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ng Roanoke Island furiously. General Wise is there, and will do all that can be done; but fears are entertained that it has not been properly fortified. Sunday night, February 9, 1862. Painful rumours have been afloat all day. Fort Henry, on Tennessee River, has been attacked. We went to St. James's this morning, and St. Paul's tonight. When we returned we found Mr. N. and Brother J. awaiting us. They are very anxious and apprehensive about Roanoke Island. Monday night, February 10, 1862. Still greater uneasiness about Roanoke Island. It is so important to us — is said to be the key to Norfolk; indeed, to all Eastern North Carolina, and Southeastern Virginia. We dread to-morrow's papers. The lady on-- Street has disappointed me. She met me with a radiant smile when I went to see her this evening, say ing, She agrees; she must, however, remove the wardrobe and bureau, as she wants them herself; but there's a closet in the room, which will answer for a wardrobe,
Benson J. Lossing, Pictorial Field Book of the Civil War. Volume 2., Chapter 6: the Army of the Potomac.--the Trent affair.--capture of Roanoke Island. (search)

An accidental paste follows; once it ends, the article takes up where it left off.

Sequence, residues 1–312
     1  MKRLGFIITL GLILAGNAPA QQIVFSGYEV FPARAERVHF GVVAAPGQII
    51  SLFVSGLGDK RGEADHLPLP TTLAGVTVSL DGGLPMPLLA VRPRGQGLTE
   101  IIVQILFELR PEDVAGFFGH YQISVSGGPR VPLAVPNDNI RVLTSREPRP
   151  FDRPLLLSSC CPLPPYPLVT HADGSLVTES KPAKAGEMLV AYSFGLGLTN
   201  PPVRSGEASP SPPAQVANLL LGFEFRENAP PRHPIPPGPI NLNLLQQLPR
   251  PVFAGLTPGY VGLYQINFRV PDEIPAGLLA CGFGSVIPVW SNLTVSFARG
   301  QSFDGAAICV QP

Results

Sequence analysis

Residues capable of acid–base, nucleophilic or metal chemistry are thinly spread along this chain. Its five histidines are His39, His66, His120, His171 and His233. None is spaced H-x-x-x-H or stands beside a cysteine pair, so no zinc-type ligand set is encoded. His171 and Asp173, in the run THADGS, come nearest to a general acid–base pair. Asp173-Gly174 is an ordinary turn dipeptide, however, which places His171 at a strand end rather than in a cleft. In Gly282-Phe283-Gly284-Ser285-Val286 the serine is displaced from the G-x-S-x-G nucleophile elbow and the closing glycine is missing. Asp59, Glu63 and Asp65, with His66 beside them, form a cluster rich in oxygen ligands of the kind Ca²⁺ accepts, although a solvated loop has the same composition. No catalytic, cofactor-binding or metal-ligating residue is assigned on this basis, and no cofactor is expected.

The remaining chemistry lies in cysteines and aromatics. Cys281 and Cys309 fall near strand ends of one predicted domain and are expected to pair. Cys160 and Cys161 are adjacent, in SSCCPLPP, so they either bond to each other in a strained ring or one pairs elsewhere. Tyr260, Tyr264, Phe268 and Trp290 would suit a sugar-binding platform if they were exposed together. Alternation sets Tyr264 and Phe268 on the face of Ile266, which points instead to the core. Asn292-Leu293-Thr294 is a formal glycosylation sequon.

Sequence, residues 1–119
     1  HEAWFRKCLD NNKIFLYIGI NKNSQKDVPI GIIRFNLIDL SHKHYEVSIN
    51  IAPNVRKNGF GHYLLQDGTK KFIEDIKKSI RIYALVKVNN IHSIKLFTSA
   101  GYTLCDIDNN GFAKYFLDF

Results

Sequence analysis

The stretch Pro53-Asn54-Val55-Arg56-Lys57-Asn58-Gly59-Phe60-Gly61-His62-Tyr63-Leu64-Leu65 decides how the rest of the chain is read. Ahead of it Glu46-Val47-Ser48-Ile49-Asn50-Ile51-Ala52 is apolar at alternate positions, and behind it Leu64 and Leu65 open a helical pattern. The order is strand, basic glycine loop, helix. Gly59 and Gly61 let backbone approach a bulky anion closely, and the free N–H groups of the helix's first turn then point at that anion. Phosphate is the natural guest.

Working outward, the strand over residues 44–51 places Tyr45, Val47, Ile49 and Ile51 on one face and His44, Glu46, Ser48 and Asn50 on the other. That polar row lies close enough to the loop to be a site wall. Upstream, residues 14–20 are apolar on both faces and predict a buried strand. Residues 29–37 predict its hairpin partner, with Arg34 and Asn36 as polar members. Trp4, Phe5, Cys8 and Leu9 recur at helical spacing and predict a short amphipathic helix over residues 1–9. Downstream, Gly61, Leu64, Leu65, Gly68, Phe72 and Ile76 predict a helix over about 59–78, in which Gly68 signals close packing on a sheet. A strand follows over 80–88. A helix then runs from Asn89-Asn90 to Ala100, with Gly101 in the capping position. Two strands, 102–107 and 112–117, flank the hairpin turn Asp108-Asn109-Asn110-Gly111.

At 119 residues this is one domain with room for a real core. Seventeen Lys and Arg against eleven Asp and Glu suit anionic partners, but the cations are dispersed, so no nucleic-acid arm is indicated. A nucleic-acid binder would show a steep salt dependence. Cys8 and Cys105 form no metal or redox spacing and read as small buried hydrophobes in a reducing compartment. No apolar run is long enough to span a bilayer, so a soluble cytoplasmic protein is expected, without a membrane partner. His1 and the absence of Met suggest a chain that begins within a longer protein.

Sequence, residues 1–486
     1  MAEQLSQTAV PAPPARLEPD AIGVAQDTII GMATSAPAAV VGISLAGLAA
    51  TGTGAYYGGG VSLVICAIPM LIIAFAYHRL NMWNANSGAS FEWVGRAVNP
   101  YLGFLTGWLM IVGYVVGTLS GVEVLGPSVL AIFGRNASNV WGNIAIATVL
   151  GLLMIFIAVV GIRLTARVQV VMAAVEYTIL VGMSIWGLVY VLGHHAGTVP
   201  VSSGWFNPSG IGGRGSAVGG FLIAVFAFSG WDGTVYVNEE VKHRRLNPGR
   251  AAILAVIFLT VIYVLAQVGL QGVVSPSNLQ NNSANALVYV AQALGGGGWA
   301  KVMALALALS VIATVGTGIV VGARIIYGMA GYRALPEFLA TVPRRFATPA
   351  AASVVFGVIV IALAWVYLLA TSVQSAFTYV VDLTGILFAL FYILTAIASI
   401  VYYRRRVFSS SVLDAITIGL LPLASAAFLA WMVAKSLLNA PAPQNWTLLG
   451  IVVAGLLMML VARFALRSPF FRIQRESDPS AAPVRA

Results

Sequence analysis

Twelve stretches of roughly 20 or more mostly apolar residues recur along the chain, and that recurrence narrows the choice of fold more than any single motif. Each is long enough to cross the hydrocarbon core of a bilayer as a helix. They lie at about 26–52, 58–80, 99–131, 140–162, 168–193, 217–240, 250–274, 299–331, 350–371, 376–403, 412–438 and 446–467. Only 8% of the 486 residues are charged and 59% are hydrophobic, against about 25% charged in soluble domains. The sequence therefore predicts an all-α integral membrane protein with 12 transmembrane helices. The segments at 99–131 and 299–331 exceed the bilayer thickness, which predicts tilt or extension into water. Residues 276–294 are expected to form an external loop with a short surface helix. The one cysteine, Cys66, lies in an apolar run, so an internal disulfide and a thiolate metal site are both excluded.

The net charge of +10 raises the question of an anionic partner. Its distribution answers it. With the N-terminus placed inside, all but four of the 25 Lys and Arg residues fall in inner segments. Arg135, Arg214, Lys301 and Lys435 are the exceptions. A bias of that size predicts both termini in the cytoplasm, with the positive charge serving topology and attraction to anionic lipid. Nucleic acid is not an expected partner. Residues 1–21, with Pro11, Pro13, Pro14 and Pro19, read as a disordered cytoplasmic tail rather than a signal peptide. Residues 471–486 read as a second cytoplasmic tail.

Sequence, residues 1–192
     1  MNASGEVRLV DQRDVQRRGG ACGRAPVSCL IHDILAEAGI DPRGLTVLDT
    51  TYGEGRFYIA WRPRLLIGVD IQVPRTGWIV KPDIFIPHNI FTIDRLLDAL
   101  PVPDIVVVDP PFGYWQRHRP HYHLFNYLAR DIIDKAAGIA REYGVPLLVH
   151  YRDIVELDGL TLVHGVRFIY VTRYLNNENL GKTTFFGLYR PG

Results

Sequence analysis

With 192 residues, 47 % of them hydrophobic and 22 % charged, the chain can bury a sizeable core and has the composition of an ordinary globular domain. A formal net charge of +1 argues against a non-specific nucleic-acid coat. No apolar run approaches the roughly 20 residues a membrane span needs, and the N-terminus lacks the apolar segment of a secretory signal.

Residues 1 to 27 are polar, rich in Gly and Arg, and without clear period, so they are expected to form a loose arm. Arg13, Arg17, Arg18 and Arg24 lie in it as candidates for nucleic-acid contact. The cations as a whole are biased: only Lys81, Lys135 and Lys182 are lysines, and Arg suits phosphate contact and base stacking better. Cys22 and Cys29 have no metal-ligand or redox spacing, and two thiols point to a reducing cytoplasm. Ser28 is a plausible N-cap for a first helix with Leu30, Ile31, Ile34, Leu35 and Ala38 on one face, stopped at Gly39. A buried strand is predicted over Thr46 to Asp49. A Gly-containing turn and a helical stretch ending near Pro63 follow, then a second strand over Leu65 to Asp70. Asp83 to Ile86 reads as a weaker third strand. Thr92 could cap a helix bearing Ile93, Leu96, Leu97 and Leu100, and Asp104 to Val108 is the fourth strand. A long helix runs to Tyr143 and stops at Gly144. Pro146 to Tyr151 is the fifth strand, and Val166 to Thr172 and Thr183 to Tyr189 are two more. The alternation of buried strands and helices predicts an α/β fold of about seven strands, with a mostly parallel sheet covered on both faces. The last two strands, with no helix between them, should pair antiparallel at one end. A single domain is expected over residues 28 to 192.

er with the barracks at that place, and the remainder of the flotilla had fled up Albemarle Sound. So ended, in triumph for the National cause, the conflict known as the battle of Roanoke. Report of General Burnside to General McClellan, Feb'y 10th, 1862; of Generals Foster, Reno, and Parke; of Commodore Goldsborough to Secretary Welles, Feb'y 9th, 1862; of Commander Lynch to R. S. Mallory, Feb'y 7th, 1862; and accounts by other officers and eye-witnesses on both sides. it disappointed the pry of the Navy, by authority of an act of Congress, approved Dec. 21, 1861, presented him with a medal of honor, on which are inscribed the following words: personal valor — John Davis, gunner's mate, U. S. S. Valley City, Albemarle Sound, February 10th, 1862. such Medals were afterward presented to a considerable number of gallant men in subordinate stations, for acts of special bravery before the enemy. Davis was the first recipient. the act of Congress authorized the Secretary to cause